Countdown to the 2016 NHL Winter Classic: 6 Days

This is the first part of a six-part series counting down to the 2016 NHL Winter Classic. These are tidbits you might not know about the game site (Gillette Stadium), the culture of its primary tenant (New England Patriots), or the Bruins-Canadiens rivalry itself.

Before Gillette Stadium was built, or its predecessor, Foxboro Stadium, the site where the 2016 Winter Classic will be held began its life as a horse racing track. In 1947, movie theater magnate Elias (E.M.) Loew, horseman and race promoter Paul Bowser, and racing secretary Ed Keller opened Bay State Raceway on September 1, 1947. It was built equidistant between the cities of Boston and Providence on U.S. Highway 1. 12,000 people attended the first night of racing and the track’s $55,523 handle broke the record for a new track on its first day of operation. The harness racing track it featured many modern amenities, including lights for night racing. However, some of the barns and buildings were still not completed. Those were finished in time for the Spring meet in 1948. Many people might remember the big neon billboard on Highway 1 outside the track that had the horse’s legs moving and the carriage wheels turning and the harness drivers’ arm moving the whip. The welcome sign was there for years to greet race fans that often times numbered over 10,000 a night. The all-time handle at Bay State Raceway  was $737,838 in 1969, and its most attended race day came when 16,006 patrons gathered there in 1970. Then professional football came to Foxborough. Loew donated a part of the track’s site to Billy Sullivan, owner of the American Football League’s Boston Patriots, to finally build a stadium his team can call home (That part will be further explained in Part 2). In 1976, Loew sold Bay State Raceway to Boston sports personality Ed Andleman and greyhound racetrack owner Ed Keelan. The track renamed itself as New England Harness Raceway, but unfortunately there was a problem. The Patriots’ new stadium was actually built on track property. Had racing occurred, the New England Patriots would have started the 1976 season in Pittsburgh against the defending Super Bowl Champion Steelers. From there, it want all downhill. Poor gate revenue and even poorer outside investments reportedly made by Chuck Sullivan saw the track fall into serious debt. The track went into bankruptcy in 1986 and was closed in 1987.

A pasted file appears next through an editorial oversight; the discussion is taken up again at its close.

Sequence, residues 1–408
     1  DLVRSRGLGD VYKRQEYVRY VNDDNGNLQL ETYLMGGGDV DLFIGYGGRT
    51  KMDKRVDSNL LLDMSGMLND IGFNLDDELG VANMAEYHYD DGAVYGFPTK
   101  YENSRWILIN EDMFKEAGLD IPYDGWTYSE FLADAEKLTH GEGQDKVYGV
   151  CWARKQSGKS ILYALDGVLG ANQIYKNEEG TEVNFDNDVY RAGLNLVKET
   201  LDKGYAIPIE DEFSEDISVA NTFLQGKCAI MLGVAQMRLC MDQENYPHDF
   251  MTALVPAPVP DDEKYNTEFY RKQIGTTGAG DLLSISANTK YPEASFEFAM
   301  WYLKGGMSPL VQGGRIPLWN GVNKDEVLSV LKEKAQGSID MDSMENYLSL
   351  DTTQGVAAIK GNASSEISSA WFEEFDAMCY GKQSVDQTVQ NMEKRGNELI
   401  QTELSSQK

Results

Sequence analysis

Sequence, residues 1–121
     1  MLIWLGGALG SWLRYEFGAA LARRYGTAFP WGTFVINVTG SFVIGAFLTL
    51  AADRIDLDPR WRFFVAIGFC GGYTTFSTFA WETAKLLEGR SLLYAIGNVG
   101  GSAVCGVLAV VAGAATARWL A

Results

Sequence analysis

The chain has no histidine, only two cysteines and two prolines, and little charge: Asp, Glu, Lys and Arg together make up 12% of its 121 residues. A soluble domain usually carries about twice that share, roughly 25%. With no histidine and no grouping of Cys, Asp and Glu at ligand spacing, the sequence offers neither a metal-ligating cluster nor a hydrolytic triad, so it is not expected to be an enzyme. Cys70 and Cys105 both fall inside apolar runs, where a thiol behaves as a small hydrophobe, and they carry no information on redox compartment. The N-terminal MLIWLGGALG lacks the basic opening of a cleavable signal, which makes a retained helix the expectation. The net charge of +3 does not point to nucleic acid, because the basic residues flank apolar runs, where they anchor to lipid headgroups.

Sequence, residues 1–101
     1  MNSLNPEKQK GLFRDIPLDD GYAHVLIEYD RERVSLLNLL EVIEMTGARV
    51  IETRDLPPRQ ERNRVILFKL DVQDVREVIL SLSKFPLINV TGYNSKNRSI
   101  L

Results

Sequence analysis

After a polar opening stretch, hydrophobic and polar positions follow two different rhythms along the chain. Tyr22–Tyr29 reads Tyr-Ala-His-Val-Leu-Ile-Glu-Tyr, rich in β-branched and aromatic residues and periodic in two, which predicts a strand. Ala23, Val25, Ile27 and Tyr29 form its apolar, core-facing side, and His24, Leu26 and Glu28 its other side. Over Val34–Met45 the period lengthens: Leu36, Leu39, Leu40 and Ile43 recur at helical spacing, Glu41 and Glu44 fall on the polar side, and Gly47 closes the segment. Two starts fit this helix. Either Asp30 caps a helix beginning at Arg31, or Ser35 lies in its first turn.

In 1985, Kraft Group president Robert Kraft and business partner Stephen Karp acquired a parcel of land adjacent to the racetrack and stadium in an attempt to buy the New England Patriots from the Sullivan family. In 1988, the Sullivans did sell the Patriots…to Victor Kiam for $84 Million. However, the land in which Foxboro Stadium was on still belonged to Kraft. In 1990,  Charles Sarkis, CEO of Back Bay Restaurant Group and owner of Wonderland Dog Track in Revere, Massachusetts, persuaded the Massachusetts Racing Commission to reopen New England Harness Raceway, this time as a thoroughbred/standardbred venue. The renamed Foxboro Raceway reopened in May 1992, with the track open to thoroughbreds during the Summer and standardbreds in the Fall. In 1992, Kiam sold the Patriots to James Orthwein, a member of the Busch family, who wanted to moved the Patriots to St. Louis after Bill Bidwill moved the St. Louis Football Cardinals to Arizona in 1987. Robert Kraft made it adamant that the Patriots would not be moving anywhere as long as Foxboro Stadium was around. Orthwein would eventually sell the Patriots to Kraft in 1994 for $172 Million. In 1996, Kraft bought Foxboro Raceway for $16 Million in the hopes of building a new stadium for the Patriots. The last race at Foxboro Raceway was on August 18, 1997, and the track was closed for good. The track stood vacant for three years until it was finally razed to make way for the construction of the Patriots’ new home, Gillette Stadium.

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